Does Growth Create Jobs in the G-20 Economies?
Unemployment remains a global concern: if they formed their own country, the unemployed would constitute the fifth most populous country in the world (Lagarde 2014 and International Jobs Report). Reducing unemployment was endorsed as a policy priority at the G-20 Leaders Summit last November. But what concretely can be done to create jobs and lower unemployment?
One open issue is whether a pick-up in economic growth leads to job creation in the short run (say, over the course of a year). This brief provides evidence on this issue by studying the historical link between jobs and growth. The main finding is that growth leads to jobs but the strength of the link varies considerably across countries.
The evidence that extra growth will bring back jobs in many countries leads to the obvious question: what will deliver the extra growth? In Furceri and Loungani (2014), we advocate a two-handed approach: continued support to domestic aggregate demand and the adoption of policies and reforms that can boost aggregate supply. Without supportive demand policies, supply measures could have little impact in the short run. If companies do not see improved sales prospects, they will not increase capacity; hence, it is essential to ensure that the demand is there to sustain supply. But without supply measures, output gains based solely on a stimulus to demand will prove temporary. For G-20 policymakers, the message is that, while not a panacea, growth is an essential part of the cure for unemployment.
Evidence on the Jobs-Growth Link
Consider the top panel of Figure 1 which shows the extent to which unemployment falls in different countries when growth picks up. In Australia, an additional percentage point of growth lowers the unemployment rate by half a percentage point; in China there is no effect.
Figure 1: The Jobs-Growth Link in G20 Countries
The bottom panel of Figure 1 shows how much employment increases when growth picks up. In South Africa, a 1% increase in growth is matched by a 0.75% increase in employment. In contrast, there is virtually no response of employment to growth in Brazil, China, Indonesia and Turkey.
Figure 2: How Important is Growth for Jobs?
Figure 2 shows the extent to which changes in growth account for changes in unemployment and employment. In the top panel, we see that nearly 80 percent of the variation in Canada’s unemployment rate can be accounted for by short-run fluctuations in growth; in Mexico this figure is about 40 percent, in Turkey 20 percent, and in China it is zero. In the bottom panel, we see that growth accounts for over 70 percent of the variation in employment in Canada and the United States, about 40 percent in Russia, the United Kingdom and Australia, and very little in many other countries.
Summarizing the evidence on the jobs-growth link
In short, there are large variations across countries in the jobs-growth link—known in economic jargon as the ‘Okun coefficient’ (see the Annex)—and in the extent to which growth accounts for labor market movements—the ‘R-square statistic’ in the jargon. Can this evidence be summarized in some way?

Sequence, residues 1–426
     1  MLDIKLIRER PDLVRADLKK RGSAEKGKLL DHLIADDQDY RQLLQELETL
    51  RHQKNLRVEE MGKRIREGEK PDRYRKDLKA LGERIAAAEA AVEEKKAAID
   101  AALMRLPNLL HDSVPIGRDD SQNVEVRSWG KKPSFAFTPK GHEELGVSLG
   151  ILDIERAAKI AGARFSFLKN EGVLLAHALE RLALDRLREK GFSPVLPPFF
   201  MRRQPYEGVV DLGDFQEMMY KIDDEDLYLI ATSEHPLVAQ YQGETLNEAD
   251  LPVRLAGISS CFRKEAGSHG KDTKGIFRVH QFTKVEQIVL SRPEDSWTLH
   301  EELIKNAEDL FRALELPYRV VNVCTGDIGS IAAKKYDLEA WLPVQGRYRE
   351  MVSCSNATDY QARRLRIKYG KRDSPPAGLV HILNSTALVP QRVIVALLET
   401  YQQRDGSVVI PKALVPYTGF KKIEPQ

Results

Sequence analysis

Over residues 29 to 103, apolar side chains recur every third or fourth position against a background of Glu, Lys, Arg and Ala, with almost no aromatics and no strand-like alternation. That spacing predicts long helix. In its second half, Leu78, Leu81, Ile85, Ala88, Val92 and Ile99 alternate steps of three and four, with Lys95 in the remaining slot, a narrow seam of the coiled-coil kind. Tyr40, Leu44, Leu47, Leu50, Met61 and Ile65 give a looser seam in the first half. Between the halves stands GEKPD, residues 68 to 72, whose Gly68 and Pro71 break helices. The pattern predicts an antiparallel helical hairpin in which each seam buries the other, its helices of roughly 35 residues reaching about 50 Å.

Figure 3: The Jobs-Growth Link—Summarizing the Evidence
Figure 3 tries to do so by combining the information on the Okun coefficient and the R-square statistic to classify countries into four quadrants.
Consider the top panel of Figure 3. For the countries listed in the southeast quadrant (Australia and several others), the unemployment-growth link is strong: unemployment is fairly responsive to growth and fluctuations in growth account for a large chunk of fluctuations in unemployment. For the countries listed in the northwest quadrant (Argentina and several others), one could say that the unemployment-growth link is weak: unemployment does not respond to growth and fluctuations in growth do not account for much of unemployment fluctuations.
What about the two remaining quadrants? In countries in the northeast quadrant—Brazil, Germany and South Africa—the unemployment rate is responsive to growth but variations in growth do not appear to be the predominant drivers of unemployment fluctuations. In countries in the southeast quadrant—Korea, Mexico, Russia— the unemployment rate is not very responsive to growth but factors other than growth do not appear to be driving unemployment fluctuations.
A similar analysis can be conducted for the bottom panel of Figure 3, which summarizes the evidence on the link between employment and growth. (Countries shown in italics in Figure 3 appear in the same quadrant for both unemployment and employment cases.)
Changes during the Great Recession
We next compare the strength of the jobs-growth link (i.e. the Okun coefficient) over the time period 1980 to 2007 with that over the time period 1980 to 2014. Does including the period of the Great Recession alter our view of the historical relationship? We draw two main conclusions from the evidence shown in Figure 4. First, for most countries, the link has not changed much. In particular, the large cross-country variations remain intact. Second, there is no easy story (that at least we can tell) for why the relationship got a bit stronger in some countries and a bit weaker in others.
Figure 4: Change in Jobs-Growth Link in Recent Years
In the short run, unemployment depends in large part on what happens to growth. Triggering growth requires both demand measures—traditionally thought of as the domain on Finance Ministers and supply measures—more under the purview of Labor and Employment Ministers. It is good when the two ministries unite in the cause of lowering unemployment.